Senators Introduce the “Ensuring Safe Medical Devices for Patients” Bill Intended to Strengthen FDA’s Postmarket Surveillance of Medical DevicesMarch 26, 2012
By Carmelina G. Allis –
Amid recent reports alleging safety and effectiveness issues with a number of implant devices, a bipartisan group of Senators have introduced a bill entitled the “Ensuring Safe Medical Devices for Patients” (S. 2193). This bill is intended to strengthen FDA’s postmarket surveillance of devices. If enacted, this legislation would:
- Expand the Postmarket Risk Identification and Analysis System under Section 505(k)(3)(C) of the Federal Food, Drug, and Cosmetic Act (“FDC Act”) to devices. This System currently applies to drugs, but would require that FDA establish and maintain procedures for, among other things, the active adverse event surveillance of devices.
- Require the agency to give priority in the Postmarket Risk Identification and Analysis System to Class II and Class III devices that are implantable, life-supporting or life-sustaining, or pose significant risk to users; and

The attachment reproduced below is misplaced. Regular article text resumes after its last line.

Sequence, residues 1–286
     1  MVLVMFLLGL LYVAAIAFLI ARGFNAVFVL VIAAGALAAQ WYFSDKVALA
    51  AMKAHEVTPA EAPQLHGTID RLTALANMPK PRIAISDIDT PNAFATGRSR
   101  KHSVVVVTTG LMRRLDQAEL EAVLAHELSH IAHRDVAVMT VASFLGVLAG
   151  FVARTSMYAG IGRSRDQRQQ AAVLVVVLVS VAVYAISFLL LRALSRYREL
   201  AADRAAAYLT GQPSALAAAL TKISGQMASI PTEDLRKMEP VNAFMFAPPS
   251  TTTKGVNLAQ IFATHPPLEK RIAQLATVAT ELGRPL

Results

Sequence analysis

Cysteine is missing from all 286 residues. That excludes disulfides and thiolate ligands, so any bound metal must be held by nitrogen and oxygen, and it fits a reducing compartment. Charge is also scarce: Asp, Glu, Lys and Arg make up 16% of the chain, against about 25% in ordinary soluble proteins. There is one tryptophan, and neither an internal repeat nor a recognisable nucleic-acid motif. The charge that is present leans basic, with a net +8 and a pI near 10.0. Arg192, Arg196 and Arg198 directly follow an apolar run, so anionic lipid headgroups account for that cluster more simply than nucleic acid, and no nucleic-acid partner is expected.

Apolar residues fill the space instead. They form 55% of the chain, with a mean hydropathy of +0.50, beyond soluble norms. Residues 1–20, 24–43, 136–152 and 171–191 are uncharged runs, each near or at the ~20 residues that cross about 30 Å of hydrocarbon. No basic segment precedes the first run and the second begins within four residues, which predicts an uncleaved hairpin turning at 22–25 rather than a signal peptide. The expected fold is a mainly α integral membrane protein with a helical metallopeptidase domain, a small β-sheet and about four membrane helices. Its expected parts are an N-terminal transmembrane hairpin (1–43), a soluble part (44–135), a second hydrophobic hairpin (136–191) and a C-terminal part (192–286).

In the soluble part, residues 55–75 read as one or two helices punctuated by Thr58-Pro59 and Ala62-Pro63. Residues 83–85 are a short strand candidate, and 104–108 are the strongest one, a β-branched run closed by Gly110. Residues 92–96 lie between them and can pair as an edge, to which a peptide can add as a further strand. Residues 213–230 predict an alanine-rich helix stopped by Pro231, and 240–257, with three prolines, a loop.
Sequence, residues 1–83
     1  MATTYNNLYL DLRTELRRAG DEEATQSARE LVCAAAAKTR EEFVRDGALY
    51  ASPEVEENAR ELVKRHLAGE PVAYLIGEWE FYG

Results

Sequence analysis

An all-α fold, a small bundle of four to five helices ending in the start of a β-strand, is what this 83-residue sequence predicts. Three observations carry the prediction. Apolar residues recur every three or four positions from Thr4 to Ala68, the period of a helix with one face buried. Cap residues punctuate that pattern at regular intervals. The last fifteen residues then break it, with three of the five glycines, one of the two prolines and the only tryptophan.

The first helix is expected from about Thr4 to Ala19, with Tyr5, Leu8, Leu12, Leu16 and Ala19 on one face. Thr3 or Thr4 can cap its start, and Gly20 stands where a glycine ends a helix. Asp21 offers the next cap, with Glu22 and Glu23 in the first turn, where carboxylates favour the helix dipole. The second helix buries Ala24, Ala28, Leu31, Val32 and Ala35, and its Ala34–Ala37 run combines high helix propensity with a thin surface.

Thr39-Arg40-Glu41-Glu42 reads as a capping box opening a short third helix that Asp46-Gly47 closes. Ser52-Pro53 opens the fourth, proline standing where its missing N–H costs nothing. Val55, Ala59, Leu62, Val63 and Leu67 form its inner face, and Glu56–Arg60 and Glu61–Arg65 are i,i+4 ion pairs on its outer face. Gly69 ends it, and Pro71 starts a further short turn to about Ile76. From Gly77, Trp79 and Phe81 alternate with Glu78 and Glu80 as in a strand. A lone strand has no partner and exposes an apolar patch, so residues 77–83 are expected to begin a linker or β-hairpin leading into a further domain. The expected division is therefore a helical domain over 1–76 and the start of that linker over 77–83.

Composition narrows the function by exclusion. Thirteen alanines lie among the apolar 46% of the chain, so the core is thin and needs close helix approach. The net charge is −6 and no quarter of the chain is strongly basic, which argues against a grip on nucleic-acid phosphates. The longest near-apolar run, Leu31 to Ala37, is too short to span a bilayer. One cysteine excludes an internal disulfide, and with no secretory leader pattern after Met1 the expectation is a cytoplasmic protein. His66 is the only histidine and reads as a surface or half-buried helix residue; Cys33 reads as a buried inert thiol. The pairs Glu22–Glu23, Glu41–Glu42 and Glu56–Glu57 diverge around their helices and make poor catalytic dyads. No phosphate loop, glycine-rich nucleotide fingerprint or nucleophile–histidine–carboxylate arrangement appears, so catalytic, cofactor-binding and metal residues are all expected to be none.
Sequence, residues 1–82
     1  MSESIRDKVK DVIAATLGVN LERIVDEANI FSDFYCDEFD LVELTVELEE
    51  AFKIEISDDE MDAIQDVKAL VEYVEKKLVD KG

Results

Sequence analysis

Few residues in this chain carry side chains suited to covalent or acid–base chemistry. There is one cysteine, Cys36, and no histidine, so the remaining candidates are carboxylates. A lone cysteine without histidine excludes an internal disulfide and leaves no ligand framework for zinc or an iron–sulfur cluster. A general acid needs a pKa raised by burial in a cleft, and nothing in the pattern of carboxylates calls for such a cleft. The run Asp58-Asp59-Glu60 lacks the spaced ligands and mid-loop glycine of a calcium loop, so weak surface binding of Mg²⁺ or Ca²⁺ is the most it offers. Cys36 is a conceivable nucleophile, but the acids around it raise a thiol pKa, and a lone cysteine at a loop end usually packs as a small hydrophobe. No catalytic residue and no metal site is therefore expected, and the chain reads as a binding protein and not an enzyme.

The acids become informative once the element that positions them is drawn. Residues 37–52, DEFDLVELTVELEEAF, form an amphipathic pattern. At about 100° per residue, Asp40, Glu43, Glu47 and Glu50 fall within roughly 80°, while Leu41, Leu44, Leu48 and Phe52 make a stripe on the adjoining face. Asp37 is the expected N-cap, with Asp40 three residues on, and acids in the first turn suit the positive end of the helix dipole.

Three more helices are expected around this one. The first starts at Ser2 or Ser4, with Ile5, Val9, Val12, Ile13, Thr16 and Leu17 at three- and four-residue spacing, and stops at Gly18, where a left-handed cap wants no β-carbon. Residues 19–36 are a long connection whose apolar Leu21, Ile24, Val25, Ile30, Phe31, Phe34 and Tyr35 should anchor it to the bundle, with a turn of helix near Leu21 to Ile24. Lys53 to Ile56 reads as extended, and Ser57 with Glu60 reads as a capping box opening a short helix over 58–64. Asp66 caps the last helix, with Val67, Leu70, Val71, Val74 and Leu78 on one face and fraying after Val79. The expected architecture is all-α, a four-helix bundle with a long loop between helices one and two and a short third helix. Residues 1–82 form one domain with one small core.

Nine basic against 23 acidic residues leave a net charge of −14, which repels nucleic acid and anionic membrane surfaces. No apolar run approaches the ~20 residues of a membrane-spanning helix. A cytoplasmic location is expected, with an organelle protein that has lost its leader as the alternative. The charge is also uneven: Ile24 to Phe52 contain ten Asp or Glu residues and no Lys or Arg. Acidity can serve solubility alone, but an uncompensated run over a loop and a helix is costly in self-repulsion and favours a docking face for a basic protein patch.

- Amend Section 519(f) of the FDC Act to require that the agency implement the Unique Device Identification System no later than 1 year after the date on which final regulations are issued. This bill also would require that the agency issue final regulations on a Unique Device Identification System no later than December 31, 2012. The Food and Drug Administration Amendments Act of 2007 mandates that the agency establish a Unique Device Identification System that would require devices to bear a unique identifier that would identify the device through distribution and use, including information on the lot or serial number. The agency has held public meetings and workshops on the matter (see here), but 5 years after the provision’s enactment FDA has yet to issue draft regulations.
Overall, this proposed bill would strengthen FDA’s postmarket surveillance of medical devices and complement the Medical Device Reporting requirements in 21 C.F.R. Part 803. It will also enhance the agency’s Sentinel Initiative, which was launched in 2008 to complement existing FDA systems for tracking adverse event reports of regulated products.